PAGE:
For undocumented family members seeking to attend funerals within U.S. territories, immigration law professor Allan Wernick told Rewire there is good news: Many consulates have an emergency process in place and will be empathetic to the circumstances surrounding the Pulse nightclub shooting, and will likely do what they can to hasten the process. But, ultimately, the length of time it takes to obtain a passport depends on the country. Wernick recommends checking with the consulate for specific information about emergency processes and any documentation needed to expedite the process.

Wernick suggests undocumented family members who are able to obtain passports to attend a funeral and who are flying for the first time not be afraid if their undocumented status comes to the attention of the TSA.

“I double dare any TSA or immigration officer to hassle somebody who is suffering this tragedy,” the professor told Rewire. “If they were a member of my family who only had a passport from their country of origin, I would tell them not to worry about flying to attend the funeral.”

Though the professor could not guarantee the successful return of undocumented people taking advantage of these opportunities, he said the chances of an issue arising are slim, “if, for no other reason, TSA or ICE won’t want the bad publicity of hassling the family members of those injured or killed in the shooting.”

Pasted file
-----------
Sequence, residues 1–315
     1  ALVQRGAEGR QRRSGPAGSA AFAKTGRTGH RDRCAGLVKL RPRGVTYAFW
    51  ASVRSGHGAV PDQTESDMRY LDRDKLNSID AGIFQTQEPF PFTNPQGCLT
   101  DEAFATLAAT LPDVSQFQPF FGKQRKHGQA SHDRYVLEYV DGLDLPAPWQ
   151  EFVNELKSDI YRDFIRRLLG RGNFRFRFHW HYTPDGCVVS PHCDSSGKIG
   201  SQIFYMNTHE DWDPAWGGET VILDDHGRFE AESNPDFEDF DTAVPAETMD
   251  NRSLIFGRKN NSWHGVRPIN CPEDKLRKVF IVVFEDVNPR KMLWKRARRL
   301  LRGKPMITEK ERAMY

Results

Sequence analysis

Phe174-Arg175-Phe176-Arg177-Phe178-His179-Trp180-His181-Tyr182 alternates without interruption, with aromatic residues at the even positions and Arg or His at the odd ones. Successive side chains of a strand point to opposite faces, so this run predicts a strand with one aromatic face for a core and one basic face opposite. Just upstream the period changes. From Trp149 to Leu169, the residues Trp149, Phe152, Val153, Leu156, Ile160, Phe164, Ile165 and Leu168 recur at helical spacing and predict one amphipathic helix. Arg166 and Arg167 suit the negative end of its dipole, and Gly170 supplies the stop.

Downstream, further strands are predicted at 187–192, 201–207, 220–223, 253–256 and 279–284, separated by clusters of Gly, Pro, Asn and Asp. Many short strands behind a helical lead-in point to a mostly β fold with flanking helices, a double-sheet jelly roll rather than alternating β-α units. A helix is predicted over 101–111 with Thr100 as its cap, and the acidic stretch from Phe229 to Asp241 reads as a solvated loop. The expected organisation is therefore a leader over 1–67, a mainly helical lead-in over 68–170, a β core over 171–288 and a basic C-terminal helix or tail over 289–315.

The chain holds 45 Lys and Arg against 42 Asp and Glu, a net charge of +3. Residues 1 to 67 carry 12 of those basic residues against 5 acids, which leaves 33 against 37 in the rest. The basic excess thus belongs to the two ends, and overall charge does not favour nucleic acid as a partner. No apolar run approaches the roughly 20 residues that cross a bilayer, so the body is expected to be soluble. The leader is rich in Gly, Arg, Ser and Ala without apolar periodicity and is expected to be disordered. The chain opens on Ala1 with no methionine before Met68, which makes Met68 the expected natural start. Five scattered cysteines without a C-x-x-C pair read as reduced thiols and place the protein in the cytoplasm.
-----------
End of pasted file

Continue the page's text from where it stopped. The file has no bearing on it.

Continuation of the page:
Eskamani said the challenges facing immigrant and undocumented communities after the shooting may seem overwhelming, but organizations like hers—and the greater Orlando area—are committed to serving the victims, survivors, and their families.

“As a whole, I believe people are approaching this with love and compassion,” the development officer and Orlando native told Rewire. “We’re very aware that the communities impacted in this shooting are already so vulnerable, but we’re doing whatever we can to lift up those voices, connect these communities, and make some good out of this horrific hate crime.”

Culture & Conversation Human Rights

‘Shrill’: Memoir Combats Fat-Shaming Without Sideshow Sensationalism

Lesley Kinzel

Lindy West's life in a fat body is often mentioned and occasionally center stage in her memoir. But her book is also about lots of other things: her family, her work, her passions, her reproductive organs, her harassers, her relationships, and her marriage.

I’ve spent the past two days helping to coordinate a group vacation planned with my husband’s family. The most challenging portion of the whole ordeal has been trying to figure out airfare: Flying while fat, as I am, is a complicated matter tangled up in anxieties, seat preferences, and negative associations with certain airlines. It’s difficult to explain how fraught getting on a plane can be to people who take the process for granted.

It would have been easier to simply hand my husband’s whole family copies of Shrill: Notes From a Loud Woman, the sharp and clever new memoir from writer and feminist Lindy West. In one chapter, “The Day I Didn’t Fit,” West tackles a particularly negative air travel experience of her own and recalls some of the in-flight microaggressions that many fat people will readily recognize. But that’s not all. West goes on to discuss the reactions of the readers with whom she initially shared the story as a writer at Jezebel—many of whom instantly took the side of the rude passenger. She then had to negotiate this commenter-fueled gaslighting of her own personal experience.